A Road Well Travelled


I am going to be working as a Resource Management Assistant at Minute Man National Historic Park in Concord, Massachusetts this summer. Located sixteen miles west of Boston, Minute Man National Historic Park spans three towns- Concord, Lincoln, and Lexington- and covers 1,038 acres. Established in 1959, the park encapsulates much of the original route the British troops used to march from Boston to Concord, culminating in a series of running battles on April 19th, 1775, which proved to be the opening of the Revolutionary War.

What has really struck me so far, is how old some of these sites are! This land was originally part of the Pennacook territory- an Algonquin speaking Native American Nation, who controlled an area from present-day southern Maine, through New Hampshire and south to northeastern Massachusetts. The Pennacook were decimated by a small pox epidemic in the early 1600s – a fate suffered most by the coastal nations prior to the permanent settlement of European colonist from England beginning in 1620. In 1635, the English negotiated the acquisition of a six-mile square parcel of land known as Musketaquid. Promptly renamed Concord, the farming community became the Massachusetts Bay Colony’s first inland settlement. As for the Pennacook, those who managed to survive further outbreaks of disease and most notably King Phillips War (1675-78) were forced to move north to Canada, or west to upstate New York.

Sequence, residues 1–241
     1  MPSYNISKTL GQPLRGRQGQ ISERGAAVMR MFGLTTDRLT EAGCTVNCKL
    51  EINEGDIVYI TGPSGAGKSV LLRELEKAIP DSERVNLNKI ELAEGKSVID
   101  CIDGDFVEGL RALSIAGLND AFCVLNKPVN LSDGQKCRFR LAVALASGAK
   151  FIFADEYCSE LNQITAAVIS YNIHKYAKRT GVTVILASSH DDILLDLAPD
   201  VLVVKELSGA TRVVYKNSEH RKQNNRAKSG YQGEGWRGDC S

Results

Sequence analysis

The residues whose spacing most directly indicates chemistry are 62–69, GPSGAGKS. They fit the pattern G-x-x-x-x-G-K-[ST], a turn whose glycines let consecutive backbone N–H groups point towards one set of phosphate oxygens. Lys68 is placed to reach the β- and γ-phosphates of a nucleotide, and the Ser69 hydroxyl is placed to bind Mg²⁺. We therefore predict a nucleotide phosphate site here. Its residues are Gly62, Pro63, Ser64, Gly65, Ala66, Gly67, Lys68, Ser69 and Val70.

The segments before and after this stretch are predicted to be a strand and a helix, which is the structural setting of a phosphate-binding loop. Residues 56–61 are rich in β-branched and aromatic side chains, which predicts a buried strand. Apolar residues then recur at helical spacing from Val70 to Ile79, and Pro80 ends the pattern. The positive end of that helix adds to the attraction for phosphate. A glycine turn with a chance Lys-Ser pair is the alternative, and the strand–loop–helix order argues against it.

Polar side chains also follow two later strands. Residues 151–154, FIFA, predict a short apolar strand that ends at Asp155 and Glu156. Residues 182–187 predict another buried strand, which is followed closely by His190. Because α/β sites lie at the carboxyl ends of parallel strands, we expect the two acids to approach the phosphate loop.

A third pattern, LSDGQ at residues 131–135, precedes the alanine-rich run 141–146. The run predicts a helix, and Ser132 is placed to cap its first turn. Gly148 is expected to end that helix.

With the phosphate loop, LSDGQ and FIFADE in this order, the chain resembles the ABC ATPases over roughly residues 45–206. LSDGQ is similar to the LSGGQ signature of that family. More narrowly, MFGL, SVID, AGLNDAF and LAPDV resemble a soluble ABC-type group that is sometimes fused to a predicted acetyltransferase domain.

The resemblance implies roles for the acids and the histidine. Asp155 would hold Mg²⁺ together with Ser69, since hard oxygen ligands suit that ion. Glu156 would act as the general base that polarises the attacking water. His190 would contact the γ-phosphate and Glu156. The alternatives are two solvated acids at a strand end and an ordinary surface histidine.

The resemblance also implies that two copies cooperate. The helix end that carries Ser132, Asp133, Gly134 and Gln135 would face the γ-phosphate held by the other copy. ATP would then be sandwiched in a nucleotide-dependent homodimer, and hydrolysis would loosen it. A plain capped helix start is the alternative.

By 1775, this region had been settled by the English Puritans for over 140 years. The park also maintains and interprets homes along the route known as “witness structures”- so called because they were there when the British troops marched past in 1775. The landscape is highly picturesque, with a series of rolling meadows, dense woodland, small farms, winding roads flanked by typical New England stone walls. The blending of the past and present- with the historic sites existing right alongside the everyday bustle of a very modern Concord- holds a certain charm unique to New England.

A unique challenge faced by the park is road congestion. Massachusetts Rt. 2A was built along several sections of the original “Battle Road” and now is a major east/west though fare for commuters headed in and out of Boston. Additionally, Rt. 2A is a major access point for Hanscom Air Force Base. I have observed a kind of ebb and flow of traffic each morning and evening along this historic corridor, Monday thru Friday, like clockwork. While vehicle traffic is part of modern life, especially in Boston, I found it unique that the park is challenged with preserving the integrity of the historic landscapes, really enabling visitors to feel fully immersed, while at the same time trying to mitigate the steady flow of commuters through the park, not necessarily here for the history.

Until the next time!

Marcos Gonzalez  

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